Cornwall Council Leader Julian German said: “Our letter to the Secretary of State spells out that the key to keeping our residents and visitors safe is to advise people with COVID-19 symptoms to get tested, and stay at home or safely travel back from holiday. Testing is an essential part of the Test and Trace, contact tracing approach. Without access to testing in it hard for us to see any emerging clusters and increase in cases. In the absence of consistent access to testing, our Outbreak Management approach in Cornwall is undermined."

Cornwall Council’s Director of Public Health, Rachel Wigglesworth, added: “Whilst we acknowledge that access to testing in areas of outbreaks, and high COVID-19 prevalence should be prioritised, the public health purpose of testing should be paramount. All areas should have access to symptomatic testing”.

You can check your symptoms via 111 online or calling 111.

Categories: Councils, Politics

Could you help change a life?

Fri, 04/09/2020 - 11:44

There are hundreds of children across Cornwall in need of a safe loving home, whether that be for a few weeks, months or even just a few hours.  Cornwall Council is appealing for more people to consider becoming a short break foster carer, who would support young people with disabilities and their families.  

Short break foster care can mean looking after a young person for an evening or a few days; it gives the young person a chance to do something different and for the family; vital downtime from caring for someone with additional needs.

Tracy is a short break carer for Cornwall Council, she says the role is very rewarding: “You need to have a good sense of humour and to be open to learn new things for this role, but it is good fun and the young people are amazing.”

Short break foster care gives disabled children new, enjoyable and fun experiences.  It also provides them with an opportunity to make new friends. Their siblings benefit from spending individual time with their parents and it provides a break for the parents. It is a rewarding experience for the carers who often form friendships with the family they support.

Tracy adds that it’s not just the children that benefit from short break care: “The families benefit because this represents a chance to re-charge their batteries, spend time with other children or to do things that their caring role doesn’t allow.”

Cornwall Council holds regular Information Meetings so the next step is to attend one when you can. Following this meeting, a social worker will meet with you in your home to discuss things with you in more detail. After this, your assessment to become a short break carer starts; the assessment includes training and checks and references.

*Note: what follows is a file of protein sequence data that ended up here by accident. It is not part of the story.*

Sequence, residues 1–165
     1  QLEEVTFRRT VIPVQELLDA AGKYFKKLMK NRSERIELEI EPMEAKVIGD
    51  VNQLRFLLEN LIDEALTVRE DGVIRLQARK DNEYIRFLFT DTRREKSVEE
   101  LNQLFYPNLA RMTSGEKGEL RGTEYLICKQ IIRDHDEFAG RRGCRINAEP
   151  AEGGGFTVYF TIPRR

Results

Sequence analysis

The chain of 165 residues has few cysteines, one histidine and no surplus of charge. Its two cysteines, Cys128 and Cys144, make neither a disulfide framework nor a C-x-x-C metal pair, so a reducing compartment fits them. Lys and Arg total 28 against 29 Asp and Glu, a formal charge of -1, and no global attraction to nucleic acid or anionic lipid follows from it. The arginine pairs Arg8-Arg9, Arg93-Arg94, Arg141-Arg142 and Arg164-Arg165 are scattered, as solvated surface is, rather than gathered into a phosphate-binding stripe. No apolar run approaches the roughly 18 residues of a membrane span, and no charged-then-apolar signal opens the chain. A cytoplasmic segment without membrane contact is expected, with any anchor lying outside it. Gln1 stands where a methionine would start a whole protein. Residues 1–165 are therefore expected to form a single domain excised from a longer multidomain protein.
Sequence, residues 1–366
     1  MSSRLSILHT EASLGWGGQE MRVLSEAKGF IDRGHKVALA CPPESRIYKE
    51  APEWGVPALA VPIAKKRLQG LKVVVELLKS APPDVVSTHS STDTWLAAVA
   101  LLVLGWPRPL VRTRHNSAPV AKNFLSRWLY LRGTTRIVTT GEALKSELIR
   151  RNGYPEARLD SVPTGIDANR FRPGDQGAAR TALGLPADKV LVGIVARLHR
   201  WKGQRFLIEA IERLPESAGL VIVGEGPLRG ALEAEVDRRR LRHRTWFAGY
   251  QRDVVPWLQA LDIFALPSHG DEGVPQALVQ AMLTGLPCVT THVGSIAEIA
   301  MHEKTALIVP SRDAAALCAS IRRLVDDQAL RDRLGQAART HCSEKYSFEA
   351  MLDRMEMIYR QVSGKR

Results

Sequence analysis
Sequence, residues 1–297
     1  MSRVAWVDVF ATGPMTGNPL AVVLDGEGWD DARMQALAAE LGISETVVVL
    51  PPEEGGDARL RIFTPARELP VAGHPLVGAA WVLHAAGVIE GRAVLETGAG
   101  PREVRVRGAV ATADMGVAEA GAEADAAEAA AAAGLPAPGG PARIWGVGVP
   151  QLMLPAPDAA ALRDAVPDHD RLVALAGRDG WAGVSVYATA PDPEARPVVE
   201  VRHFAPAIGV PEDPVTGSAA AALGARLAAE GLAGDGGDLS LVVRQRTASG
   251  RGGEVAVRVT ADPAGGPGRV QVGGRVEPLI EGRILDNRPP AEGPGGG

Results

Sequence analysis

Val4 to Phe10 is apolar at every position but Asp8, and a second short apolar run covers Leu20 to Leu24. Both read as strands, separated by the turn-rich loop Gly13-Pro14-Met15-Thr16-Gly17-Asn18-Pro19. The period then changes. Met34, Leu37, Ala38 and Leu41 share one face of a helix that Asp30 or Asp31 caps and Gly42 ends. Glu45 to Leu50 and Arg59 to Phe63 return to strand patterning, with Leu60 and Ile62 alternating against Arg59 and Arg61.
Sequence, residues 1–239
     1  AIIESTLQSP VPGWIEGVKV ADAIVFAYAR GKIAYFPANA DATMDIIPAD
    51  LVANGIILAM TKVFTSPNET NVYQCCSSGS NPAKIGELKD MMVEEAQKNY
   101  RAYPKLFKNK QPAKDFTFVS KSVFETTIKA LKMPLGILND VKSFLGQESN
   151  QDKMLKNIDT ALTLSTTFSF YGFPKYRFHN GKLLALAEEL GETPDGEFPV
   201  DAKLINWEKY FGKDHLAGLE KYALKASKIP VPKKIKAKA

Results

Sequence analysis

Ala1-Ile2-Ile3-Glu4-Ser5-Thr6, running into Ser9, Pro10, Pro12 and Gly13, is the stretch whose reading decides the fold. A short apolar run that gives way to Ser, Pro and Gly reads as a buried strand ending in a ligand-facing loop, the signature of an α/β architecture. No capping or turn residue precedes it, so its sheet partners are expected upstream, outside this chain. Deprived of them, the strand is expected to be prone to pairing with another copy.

Cabinet Member for Children, Health and Well Being, Councillor Sally Hawken, said: “Being a short break foster carer is not only rewarding, but it is a vitally important part of a support structure for children with a disability and their families.”

Categories: Councils, Politics

Liskeard Library – Deal agreed which gives the green light for refurbishment to begin in 2021

Fri, 04/09/2020 - 11:27

Positivity, but just a little more patience. These are the key words as the refurbishing of Liskeard’s well-loved Passmore Edwards Library is becoming a long-awaited reality.

The anticipation of a reopening in 2021/22 is driven by having reached formal agreement on the project. Somewhat like an exchange of contracts on a house, both sides have now expressed their commitment, with only the legal engrossments to be completed.

The Library will shortly transfer to the community interest company RIO (Real Ideas Organisation) with access to the premises from next month, and a year of works expected to begin in January 2021.

It will then be reborn not only as a contemporary library, but a co-working and meeting space, creative hub and innovation space. A boost to Liskeard’s town centre facilities, it is aimed at attracting diverse audiences and enabling people to enjoy experiences that are usually found only in cities.

Last year RIO successfully secured £150,000 from the Architectural Heritage Fund (AHF) towards the refurbishment of the Victorian building, allowing them to progress design work for the renovation and reconfiguration of the Grade II listed premises in Barras Street. This has been happening in the background and as Covid restrictions lift, remedial work will start.

Cornwall Council’s Cabinet Member for Libraries, Edwina Hannaford, said: “The transfer of a Cornwall Council building to a community interest company like RIO has been complicated and necessarily cautious. But we have persevered by never losing sight of the exciting opportunity this partnership offers to Liskeard, its residents, and its local economy. Cornwall Council and RIO are solidly dedicated to the same aim - providing Liskeard with a re-invigorated library that will be the pride of the town and do justice to John Passmore Edwards’s legacy.”

“It is far from ideal that it has had to weather such a long period unused, but we couldn’t embark on expensive works until the contract was agreed by both parties. Now we have agreed the last hurdles, the rest should be straightforward.”

Local Cornwall Councillors Sally Hawken (Liskeard East), Nick Craker (Liskeard North) and Jane Pascoe (Liskeard West and Dobwalls) have been kept informed of progress. There was an obvious hiatus during lockdown, but now barring any unforeseen issues, Liskeard will soon have its new Library.